In addition to the required written policy, Illinois businesses must obtain consent and a written release from an individual prior to collecting biometric information.  BIPA is currently one of the strictest state statutes regarding the collection, retention, storage and use of biometric information.  Before biometric information may be collected, all Illinois private entities must (1) inform the individual in writing that a biometric identifier is being collected or stored, (2) inform the individual in writing of the specific purpose and length of time for which the biometric identifier is being collected, stored and used, and (3) receive a written release executed by the individual assenting to the collection, storage and use of a biometric identifier.  Absent a court order or law enforcement directive, businesses may not share biometric information without express consent from the individual.

Illinois businesses that utilize biometric identifiers but do not comply with BIPA may face severe consequences. BIPA provides that individuals may bring an action against a business that negligently or intentionally violates a provision of BIPA.  If the claim is for negligence, the business may be liable for damages up to $1,000 per violation, and if the claim is for an intentional violation of BIPA, the business may be liable for damages up to $5,000 per violation.  Damages in either category may be higher if actual damages exceed these numbers.  An aggrieved party may also receive attorneys’ fees and costs, an injunction, and other relief.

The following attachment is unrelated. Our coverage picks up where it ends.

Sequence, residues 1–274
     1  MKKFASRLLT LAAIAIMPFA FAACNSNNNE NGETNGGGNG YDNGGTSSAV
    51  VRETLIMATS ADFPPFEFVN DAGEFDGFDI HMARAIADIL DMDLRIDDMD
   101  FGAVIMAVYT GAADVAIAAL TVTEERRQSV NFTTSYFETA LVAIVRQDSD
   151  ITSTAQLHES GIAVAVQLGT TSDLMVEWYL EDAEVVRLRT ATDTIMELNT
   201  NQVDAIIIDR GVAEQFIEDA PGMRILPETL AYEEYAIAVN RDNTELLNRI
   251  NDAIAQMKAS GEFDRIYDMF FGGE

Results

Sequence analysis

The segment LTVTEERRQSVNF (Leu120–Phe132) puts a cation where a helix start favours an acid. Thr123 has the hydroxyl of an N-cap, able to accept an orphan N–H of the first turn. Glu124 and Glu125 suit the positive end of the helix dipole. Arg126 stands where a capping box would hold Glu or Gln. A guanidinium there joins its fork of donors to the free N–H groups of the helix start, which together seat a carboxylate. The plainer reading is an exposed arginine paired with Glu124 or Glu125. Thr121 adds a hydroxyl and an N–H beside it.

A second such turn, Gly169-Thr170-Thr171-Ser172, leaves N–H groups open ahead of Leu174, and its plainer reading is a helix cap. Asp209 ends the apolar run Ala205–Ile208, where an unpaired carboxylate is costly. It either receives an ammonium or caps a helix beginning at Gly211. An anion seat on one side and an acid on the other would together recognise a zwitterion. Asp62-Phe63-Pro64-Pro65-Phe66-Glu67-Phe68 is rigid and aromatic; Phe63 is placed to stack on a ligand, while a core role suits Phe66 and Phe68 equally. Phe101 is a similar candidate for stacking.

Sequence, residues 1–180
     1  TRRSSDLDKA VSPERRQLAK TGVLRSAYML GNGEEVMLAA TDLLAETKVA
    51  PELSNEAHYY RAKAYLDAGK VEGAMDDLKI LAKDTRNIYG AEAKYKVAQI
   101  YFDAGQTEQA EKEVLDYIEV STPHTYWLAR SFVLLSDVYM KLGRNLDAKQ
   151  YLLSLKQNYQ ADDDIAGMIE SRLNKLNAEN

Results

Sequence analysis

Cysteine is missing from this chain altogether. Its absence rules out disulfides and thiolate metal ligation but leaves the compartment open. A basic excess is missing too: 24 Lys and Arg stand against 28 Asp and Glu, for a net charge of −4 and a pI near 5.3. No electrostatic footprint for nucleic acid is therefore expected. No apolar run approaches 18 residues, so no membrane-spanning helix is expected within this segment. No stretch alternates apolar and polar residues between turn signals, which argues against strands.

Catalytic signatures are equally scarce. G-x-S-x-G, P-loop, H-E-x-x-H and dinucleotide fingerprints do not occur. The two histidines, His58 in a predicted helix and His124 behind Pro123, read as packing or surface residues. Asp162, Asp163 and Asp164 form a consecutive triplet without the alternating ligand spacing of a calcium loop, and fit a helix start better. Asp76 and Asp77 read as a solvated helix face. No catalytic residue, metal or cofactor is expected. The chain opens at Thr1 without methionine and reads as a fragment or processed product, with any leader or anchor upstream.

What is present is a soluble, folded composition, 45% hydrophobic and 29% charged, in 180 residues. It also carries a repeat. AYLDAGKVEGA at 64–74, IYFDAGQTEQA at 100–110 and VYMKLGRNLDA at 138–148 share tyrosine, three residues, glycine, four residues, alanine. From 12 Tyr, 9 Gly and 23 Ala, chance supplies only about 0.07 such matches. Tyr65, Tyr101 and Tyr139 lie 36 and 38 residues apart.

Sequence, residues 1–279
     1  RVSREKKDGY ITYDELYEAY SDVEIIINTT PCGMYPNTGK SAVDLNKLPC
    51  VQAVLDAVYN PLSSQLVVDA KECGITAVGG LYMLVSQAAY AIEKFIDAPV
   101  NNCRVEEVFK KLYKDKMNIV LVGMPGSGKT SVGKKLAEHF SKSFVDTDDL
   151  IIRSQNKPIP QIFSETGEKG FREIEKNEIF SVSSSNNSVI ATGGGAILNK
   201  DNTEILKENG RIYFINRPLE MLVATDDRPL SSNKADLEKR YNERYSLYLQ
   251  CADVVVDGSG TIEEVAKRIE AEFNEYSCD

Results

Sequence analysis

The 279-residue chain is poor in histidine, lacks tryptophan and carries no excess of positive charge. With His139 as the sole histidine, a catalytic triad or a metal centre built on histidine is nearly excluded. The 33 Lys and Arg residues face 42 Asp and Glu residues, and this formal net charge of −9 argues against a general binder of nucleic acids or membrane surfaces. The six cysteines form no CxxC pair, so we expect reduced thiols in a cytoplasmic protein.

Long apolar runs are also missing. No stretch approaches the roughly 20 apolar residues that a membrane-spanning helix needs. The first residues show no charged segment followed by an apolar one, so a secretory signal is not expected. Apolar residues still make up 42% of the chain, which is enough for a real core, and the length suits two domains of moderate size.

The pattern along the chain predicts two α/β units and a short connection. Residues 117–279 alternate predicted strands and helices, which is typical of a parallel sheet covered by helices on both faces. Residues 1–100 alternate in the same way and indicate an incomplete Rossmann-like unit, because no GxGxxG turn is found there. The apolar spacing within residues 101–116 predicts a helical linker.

Recently, privacy-related claims are on the rise as a result of BIPA.  Since mid-2017, over 25 lawsuits have been filed in Illinois alleging violations of BIPA.  The majority of the cases are class action lawsuits by employees claiming violations of BIPA relating to employee time clock technology that uses an employee’s fingerprint as a means of identification.  Time will only tell whether employers will spend the additional resources necessary to comply with BIPA, or choose to avoid the use of biometric identifiers and information altogether.